A Bootstrapped CEO’s Guide to Product Management

Kate Hopkins By: Kate Hopkins

Bootstrapped founders often build businesses to solve a pain point they’ve experienced themselves. But, as the company scales, it becomes necessary to add additional resources to understand and serve a broader set of target customers.  At Mainsail, we find that building a strong product management team can be hugely valuable for SaaS businesses as they grow.

Why invest in product management?

Product managers make scarce development resources go further. When you don’t have the bandwidth to build everything you’d like to, you need to prioritize. Product management’s job is prioritization.  Great product people make sure their companies spend the most time on the most valuable things by mapping out pockets of market opportunity, deeply understanding customer needs, and using time-efficient prototyping to test out ideas before committing to them.

Tactically, what should a product manager do?

Great product managers aren’t just project managers, they’re an invaluable link to the customer and the market. We believe success means doing the following four things well:

Market strategy – product should understand the market and competitive landscape to be aware of where there’s opportunity. On top of that, product should overlay who the target customer is (and equally important, which customers fall outside the area of focus).

Customer discovery – product should be in constant contact with customers, sometimes this means passively absorbing customer context by joining sales or customer success calls, and sometimes this means much more actively researching customer needs with planned interviews and prototype tests.

Product planning – prioritizing the roadmap is a key product responsibility. Especially when thinking a quarter or more into the future, product should be planning development thematically, identifying which customer types and needs will be prioritized (vs. spelling out which specific features will be built).

Product analytics – product usage data is critical for knowing whether development efforts are working, before lagging metrics like revenue manifest.  Product teams should track how customers are using the product to inform what should be prioritized.

How many product people do you need?

Product org rules of thumb:

1 PM for every ~3-7 engineers
1 UI/UX designer for every 1-2 product mangers
1 Director or VP of product once you reach 10-13 engineers

In companies with mature product organizations, we often see engineers divided into product teams, each responsible for one customer type or module of the product.  Each product team is made up of around 5 engineers, plus a product manager.  Sometimes product teams also have a dedicated UI/UX designer or scrum master, and sometimes those resources are shared between a couple of teams.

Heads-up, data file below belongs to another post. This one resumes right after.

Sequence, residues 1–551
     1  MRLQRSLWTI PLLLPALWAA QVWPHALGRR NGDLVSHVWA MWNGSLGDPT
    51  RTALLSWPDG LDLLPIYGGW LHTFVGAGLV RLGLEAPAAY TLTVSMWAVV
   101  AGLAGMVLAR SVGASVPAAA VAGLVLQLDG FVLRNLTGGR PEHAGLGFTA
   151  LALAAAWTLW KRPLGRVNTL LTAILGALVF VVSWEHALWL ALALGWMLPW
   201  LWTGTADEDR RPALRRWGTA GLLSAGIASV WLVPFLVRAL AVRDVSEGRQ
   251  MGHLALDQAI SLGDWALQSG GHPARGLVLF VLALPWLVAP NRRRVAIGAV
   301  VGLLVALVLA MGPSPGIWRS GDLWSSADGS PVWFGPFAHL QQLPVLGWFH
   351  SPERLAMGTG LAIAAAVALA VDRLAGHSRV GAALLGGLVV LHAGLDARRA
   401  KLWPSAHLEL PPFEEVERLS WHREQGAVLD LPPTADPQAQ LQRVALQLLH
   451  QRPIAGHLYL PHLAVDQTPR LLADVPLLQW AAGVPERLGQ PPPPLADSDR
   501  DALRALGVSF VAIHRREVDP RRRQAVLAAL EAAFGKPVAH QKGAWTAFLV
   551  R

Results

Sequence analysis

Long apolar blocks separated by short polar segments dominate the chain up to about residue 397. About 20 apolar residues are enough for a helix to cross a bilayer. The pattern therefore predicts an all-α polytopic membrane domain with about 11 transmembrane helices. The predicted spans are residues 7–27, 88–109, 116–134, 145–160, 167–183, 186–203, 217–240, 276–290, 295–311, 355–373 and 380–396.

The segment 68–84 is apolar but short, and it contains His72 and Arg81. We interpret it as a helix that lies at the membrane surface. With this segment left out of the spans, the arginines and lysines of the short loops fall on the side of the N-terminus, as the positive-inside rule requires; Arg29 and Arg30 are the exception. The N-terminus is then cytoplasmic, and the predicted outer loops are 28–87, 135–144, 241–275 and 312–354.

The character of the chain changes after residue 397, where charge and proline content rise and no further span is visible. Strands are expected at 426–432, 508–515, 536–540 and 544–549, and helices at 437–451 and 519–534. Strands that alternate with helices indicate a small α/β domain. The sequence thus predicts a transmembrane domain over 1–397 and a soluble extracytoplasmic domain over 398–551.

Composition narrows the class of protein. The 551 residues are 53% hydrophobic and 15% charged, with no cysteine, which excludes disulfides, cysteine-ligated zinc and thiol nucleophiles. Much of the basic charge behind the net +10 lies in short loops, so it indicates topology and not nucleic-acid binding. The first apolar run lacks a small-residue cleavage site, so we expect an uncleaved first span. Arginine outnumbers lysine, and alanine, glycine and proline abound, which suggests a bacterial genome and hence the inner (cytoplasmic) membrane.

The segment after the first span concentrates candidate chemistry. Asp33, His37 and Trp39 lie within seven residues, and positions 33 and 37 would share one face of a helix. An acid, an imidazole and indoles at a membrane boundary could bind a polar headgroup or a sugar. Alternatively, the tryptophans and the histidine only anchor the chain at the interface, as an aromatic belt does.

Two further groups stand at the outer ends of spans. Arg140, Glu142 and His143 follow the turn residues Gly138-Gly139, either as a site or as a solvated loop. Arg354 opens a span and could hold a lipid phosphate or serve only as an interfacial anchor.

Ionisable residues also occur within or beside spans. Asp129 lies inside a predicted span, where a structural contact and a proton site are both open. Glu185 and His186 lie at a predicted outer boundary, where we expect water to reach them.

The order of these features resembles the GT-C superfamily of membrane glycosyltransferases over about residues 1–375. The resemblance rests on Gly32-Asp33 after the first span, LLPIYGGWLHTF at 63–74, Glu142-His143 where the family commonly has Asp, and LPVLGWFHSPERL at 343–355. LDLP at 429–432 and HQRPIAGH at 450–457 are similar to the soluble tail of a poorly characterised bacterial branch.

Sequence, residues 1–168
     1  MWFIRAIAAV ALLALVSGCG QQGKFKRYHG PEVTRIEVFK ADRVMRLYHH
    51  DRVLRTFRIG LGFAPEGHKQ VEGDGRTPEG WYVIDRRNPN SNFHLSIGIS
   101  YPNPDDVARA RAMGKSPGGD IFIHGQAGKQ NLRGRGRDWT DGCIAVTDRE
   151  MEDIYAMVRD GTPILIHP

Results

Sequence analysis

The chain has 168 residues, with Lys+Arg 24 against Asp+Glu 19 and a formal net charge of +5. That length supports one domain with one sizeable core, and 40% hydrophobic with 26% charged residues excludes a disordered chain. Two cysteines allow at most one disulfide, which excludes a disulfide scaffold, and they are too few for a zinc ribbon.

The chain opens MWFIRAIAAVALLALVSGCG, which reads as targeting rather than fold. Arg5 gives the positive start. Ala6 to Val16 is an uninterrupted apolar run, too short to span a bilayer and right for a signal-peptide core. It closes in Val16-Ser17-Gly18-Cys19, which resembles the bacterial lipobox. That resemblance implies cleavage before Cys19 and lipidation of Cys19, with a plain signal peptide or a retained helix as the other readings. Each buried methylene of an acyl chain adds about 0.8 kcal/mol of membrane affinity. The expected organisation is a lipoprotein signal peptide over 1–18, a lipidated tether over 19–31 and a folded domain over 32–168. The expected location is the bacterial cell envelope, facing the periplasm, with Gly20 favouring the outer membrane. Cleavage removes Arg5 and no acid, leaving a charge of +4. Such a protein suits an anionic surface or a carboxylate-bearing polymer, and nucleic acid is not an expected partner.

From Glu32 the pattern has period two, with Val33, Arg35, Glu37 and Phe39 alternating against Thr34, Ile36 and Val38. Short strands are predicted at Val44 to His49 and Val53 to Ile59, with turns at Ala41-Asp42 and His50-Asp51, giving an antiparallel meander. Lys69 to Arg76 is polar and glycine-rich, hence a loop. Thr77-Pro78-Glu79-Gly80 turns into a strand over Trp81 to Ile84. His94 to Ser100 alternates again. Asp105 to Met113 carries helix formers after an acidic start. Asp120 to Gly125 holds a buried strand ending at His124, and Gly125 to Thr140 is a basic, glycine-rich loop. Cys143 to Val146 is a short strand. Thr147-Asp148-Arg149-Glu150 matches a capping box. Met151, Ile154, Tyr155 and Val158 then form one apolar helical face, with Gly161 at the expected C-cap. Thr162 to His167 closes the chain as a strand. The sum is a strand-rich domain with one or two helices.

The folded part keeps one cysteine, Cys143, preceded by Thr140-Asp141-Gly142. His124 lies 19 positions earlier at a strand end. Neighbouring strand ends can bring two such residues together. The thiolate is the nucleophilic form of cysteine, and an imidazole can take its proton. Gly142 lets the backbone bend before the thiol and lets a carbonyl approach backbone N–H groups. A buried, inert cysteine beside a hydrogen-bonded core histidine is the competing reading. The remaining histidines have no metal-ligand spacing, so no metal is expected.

What should you look for when hiring a product manager?

When hiring for product, look for people with excellent ability to process and synthesize information from multiple sources.  Because the role is highly cross-functional and collaborative, product managers should also be strong communicators.  There’s no one perfect background for a product manager, but they shouldn’t be afraid of technical concepts and they should be interested in design thinking and coming up with new solutions.

Be careful with candidates who identify as project managers or business analysts (BAs).  Sometimes it’s just a matter of nomenclature, but sometimes those titles signal that the candidate has more experience with older software development processes.  Before SaaS business models were common, software was built in a much more rigidly sequential (waterfall) way, and a BA was responsible for gathering customer requirements, documenting them, and passing them to engineering.  Cloud software offers a huge advantage in allowing a company to iteratively improve its product, and modern product managers should engage in continuous loops of discovery and planning.

Don’t wait too long to invest in building out your product management team. We believe getting this right can be a major contributing factor to sustained growth, higher win/loss ratios, and happier customers.


Kate Hopkins
Kate is Vice President at Mainsail Partners, working with portfolio companies to accelerate growth. Her focus is in product and market strategy.
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